The Match is On!

Justice Shirley Kornreich of the New York Supreme Court has told the two syndicates competing in the 33rd America’s Cup that she will not hear any further arguments between now and the time the competition is scheduled to begin in February—in effect giving the final go-ahead for some actual racing.In recent weeks, challenger BMW Oracle capped off years of legal wrangling by claiming that
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Justice Shirley Kornreich of the New York Supreme Court has told the two syndicates competing in the 33rd America’s Cup that she will not hear any further arguments between now and the time the competition is scheduled to begin in February—in effect giving the final go-ahead for some actual racing.

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In recent weeks, challenger BMW Oracle capped off years of legal wrangling by claiming that defender Alinghi’s North 3DL sails are illegal because they were made at the North Sails plant in Minden, Nevada. The deed of gift (DoG), which governs all America’s Cup competition, prohibits teams from using boats built in another country. (Click here to read the DoG in its entirety.)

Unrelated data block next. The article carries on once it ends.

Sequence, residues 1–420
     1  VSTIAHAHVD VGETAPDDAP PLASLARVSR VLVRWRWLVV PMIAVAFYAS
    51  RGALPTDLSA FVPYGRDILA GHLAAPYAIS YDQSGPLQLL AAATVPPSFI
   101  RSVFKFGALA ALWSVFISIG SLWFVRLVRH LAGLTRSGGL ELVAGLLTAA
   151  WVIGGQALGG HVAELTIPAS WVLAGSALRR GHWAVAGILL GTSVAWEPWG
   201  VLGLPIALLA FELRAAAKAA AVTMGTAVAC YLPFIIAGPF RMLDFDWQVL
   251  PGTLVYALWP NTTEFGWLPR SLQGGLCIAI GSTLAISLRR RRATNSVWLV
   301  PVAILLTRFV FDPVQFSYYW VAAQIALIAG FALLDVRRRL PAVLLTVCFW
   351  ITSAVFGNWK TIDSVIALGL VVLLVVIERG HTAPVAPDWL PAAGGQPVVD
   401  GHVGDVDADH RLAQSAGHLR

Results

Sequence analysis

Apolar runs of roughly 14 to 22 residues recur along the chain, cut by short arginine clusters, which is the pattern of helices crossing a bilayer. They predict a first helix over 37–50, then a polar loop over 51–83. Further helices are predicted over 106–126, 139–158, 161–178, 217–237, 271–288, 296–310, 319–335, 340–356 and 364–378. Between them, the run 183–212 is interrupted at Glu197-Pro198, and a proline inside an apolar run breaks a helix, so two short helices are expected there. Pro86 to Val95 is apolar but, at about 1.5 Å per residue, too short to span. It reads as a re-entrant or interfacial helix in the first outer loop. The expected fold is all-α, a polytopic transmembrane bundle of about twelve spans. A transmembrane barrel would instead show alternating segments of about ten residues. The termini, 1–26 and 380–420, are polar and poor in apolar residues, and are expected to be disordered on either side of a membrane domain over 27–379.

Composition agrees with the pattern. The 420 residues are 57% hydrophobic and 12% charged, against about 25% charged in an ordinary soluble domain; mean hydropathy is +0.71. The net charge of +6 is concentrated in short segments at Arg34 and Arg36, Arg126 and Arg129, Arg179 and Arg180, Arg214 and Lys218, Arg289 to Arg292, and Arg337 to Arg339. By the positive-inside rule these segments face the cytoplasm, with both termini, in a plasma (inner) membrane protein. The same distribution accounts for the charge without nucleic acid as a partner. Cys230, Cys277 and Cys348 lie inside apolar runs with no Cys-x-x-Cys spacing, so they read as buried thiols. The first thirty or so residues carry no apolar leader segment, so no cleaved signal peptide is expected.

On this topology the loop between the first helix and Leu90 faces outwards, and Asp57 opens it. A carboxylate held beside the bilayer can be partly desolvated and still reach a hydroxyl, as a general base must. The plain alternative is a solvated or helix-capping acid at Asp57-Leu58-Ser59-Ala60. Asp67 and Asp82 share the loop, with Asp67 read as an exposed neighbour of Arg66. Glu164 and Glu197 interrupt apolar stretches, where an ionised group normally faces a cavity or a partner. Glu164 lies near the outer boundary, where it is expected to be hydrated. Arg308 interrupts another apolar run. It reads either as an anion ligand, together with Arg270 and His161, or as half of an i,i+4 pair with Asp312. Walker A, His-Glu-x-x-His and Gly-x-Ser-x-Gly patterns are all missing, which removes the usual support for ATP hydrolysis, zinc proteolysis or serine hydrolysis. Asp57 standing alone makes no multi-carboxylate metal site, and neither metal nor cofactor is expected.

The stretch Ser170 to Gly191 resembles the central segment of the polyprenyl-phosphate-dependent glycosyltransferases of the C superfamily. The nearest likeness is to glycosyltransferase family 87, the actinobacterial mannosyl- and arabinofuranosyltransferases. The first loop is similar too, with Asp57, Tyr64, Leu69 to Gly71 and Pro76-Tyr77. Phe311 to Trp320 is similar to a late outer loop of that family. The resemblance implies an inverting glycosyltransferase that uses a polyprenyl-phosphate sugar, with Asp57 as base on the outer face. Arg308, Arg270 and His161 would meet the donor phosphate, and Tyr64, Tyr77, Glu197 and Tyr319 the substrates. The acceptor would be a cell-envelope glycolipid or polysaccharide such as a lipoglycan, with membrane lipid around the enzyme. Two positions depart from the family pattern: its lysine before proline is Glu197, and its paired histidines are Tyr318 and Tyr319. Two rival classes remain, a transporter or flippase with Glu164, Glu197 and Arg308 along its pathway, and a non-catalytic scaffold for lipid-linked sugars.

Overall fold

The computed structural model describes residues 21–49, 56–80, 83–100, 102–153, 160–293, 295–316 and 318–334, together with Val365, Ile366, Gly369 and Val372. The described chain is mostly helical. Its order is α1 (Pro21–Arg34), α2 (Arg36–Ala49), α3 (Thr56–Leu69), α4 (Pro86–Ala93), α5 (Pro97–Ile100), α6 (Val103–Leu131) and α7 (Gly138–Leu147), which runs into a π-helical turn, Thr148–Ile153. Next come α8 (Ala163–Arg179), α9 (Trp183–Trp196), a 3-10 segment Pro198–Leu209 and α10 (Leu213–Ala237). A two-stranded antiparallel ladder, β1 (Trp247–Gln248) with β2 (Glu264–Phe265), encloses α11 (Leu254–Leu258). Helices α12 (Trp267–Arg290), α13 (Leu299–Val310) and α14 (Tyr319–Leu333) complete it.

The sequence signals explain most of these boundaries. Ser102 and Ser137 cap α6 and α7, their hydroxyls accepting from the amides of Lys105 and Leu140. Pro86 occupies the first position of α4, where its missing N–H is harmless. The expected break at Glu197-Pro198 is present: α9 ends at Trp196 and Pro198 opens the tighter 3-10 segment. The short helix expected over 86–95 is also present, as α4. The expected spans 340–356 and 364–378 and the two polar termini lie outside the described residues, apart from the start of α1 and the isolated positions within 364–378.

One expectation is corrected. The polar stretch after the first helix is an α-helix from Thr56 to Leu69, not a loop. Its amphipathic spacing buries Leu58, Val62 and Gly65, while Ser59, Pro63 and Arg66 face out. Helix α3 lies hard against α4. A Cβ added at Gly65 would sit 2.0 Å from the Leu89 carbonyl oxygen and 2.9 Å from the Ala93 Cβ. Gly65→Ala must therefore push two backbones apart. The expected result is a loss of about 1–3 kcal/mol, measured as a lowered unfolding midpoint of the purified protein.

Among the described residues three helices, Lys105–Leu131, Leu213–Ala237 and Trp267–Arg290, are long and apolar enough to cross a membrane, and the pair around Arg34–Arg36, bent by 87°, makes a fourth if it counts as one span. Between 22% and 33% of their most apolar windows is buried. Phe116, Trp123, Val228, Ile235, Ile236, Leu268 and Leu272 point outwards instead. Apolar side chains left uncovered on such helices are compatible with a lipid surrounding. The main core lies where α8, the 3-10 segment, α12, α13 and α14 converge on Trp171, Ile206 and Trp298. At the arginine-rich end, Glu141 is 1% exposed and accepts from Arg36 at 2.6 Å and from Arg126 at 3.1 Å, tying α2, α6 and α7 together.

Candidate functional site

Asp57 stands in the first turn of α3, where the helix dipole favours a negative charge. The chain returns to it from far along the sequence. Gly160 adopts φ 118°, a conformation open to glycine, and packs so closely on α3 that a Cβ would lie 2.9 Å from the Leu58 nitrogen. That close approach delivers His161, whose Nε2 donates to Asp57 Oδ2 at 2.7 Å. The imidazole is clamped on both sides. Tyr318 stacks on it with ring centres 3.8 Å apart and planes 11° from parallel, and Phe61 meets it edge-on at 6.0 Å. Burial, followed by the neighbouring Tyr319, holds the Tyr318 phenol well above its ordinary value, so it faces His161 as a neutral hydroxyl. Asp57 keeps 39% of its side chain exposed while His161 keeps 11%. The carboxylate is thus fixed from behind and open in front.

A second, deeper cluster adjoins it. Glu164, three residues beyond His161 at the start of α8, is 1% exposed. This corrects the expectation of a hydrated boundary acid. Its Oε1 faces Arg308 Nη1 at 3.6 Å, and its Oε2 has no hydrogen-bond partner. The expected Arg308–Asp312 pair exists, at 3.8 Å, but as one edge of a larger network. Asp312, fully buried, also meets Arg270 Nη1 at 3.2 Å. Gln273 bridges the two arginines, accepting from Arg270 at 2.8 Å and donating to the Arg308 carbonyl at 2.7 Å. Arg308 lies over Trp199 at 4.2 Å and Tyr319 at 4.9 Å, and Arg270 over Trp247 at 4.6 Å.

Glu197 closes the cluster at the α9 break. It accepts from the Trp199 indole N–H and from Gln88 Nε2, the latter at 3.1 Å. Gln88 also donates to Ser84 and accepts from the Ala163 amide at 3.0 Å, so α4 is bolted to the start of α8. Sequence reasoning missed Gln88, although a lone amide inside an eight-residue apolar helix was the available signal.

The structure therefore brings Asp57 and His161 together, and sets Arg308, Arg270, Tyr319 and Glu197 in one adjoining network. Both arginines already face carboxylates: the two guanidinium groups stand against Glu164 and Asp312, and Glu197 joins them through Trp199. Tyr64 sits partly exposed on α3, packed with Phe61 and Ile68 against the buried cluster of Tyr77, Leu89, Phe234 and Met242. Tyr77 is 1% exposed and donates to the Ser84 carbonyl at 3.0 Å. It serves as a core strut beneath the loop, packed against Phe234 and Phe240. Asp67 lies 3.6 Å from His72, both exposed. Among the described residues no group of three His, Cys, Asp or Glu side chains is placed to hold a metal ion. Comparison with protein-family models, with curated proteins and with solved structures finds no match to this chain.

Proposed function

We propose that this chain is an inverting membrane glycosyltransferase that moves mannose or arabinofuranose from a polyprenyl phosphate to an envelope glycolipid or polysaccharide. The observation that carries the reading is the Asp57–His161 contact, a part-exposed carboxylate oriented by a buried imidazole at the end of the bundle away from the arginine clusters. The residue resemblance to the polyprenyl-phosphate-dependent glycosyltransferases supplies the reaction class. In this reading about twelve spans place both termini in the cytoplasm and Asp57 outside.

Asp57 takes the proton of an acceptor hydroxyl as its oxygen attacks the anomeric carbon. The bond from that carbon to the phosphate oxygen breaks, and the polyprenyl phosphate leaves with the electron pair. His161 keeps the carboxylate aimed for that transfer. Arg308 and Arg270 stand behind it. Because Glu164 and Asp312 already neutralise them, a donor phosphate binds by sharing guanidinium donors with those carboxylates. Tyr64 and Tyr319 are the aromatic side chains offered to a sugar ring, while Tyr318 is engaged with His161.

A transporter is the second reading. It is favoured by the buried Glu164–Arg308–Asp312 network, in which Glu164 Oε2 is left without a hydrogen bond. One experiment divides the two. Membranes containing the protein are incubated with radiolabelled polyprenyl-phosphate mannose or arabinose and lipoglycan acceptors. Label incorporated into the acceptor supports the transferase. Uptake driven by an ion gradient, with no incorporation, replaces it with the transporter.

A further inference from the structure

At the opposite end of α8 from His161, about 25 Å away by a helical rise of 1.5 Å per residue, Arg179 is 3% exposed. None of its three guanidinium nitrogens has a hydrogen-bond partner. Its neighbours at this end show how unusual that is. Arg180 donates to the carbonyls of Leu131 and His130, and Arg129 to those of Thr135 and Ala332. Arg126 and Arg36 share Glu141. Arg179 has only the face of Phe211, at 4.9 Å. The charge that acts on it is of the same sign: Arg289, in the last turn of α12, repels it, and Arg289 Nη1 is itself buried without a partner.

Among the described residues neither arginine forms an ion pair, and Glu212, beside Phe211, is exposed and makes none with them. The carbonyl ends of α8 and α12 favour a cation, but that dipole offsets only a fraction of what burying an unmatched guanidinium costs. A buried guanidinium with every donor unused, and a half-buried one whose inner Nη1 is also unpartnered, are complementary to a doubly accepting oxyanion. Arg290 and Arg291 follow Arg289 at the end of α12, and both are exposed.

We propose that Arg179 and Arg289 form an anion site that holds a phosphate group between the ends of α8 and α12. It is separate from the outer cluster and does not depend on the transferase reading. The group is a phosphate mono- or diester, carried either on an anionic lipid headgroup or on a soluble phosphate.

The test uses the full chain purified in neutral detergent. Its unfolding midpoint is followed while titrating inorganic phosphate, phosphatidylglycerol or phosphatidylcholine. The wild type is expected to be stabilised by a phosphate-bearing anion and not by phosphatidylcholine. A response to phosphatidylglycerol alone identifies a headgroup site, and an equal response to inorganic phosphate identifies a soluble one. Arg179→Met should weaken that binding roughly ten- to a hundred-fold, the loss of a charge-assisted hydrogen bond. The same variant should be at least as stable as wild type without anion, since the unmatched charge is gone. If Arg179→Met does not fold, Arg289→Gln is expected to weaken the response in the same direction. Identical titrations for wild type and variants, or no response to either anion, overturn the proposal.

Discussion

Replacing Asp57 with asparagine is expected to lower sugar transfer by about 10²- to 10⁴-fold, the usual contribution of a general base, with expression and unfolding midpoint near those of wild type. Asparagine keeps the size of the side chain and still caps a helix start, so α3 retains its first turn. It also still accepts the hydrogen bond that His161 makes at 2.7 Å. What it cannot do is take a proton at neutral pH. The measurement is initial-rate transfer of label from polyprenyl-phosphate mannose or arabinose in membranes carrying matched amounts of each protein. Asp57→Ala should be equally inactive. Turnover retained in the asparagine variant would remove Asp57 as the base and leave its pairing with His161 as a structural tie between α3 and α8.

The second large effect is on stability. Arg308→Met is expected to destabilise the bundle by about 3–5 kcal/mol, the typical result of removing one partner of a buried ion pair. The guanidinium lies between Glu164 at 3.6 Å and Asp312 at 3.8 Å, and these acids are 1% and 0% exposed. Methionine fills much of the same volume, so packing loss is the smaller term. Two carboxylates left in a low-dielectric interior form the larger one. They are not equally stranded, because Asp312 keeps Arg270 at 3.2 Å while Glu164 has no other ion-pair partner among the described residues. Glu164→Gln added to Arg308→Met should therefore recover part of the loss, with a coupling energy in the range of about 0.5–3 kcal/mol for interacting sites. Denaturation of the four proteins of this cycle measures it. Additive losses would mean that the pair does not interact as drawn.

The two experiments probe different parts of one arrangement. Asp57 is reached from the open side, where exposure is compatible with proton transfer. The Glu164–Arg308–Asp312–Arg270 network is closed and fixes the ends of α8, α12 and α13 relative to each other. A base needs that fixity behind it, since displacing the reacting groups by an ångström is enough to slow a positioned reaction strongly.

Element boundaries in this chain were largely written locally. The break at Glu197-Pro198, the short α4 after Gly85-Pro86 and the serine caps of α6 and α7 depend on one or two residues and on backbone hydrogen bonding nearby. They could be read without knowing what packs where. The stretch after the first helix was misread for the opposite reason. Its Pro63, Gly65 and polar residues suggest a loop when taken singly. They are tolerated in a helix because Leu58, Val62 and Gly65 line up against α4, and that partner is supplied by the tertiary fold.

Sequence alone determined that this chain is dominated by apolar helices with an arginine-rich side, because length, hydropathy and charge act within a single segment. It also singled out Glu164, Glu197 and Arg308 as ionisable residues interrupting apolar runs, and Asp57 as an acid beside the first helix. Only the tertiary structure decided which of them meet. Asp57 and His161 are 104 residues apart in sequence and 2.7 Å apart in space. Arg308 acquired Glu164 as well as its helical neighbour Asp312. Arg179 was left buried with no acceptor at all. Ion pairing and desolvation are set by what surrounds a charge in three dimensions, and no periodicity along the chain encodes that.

Alinghi, in response, said that while parts of the sails were from the United States, final assembly took place in the team’s native Switzerland, making them legal.

“This is excellent news," said Alinghi team leader Ernesto Bertarelli. "We are delighted that BMW Oracle's attempts to disqualify Alinghi and to win the America's Cup in court have been denied. We look forward to meeting them on the start line here in Valencia on February 8 to race for the Cup, something they can no longer try to avoid.” In related news, the cup itself has now arrived in Valencia in anticipation of this month’s competition. It was shipped from the Socit Nautique de Genve in Switzerland, where it has been since 2003 when Alinghi won it from two-time winner, Team New Zealand.

On hand to welcome the trophy's arrival were Bertarelli, Valencia mayor Rita Barber and Vicente Rambla, vice president of the region of Valencia.

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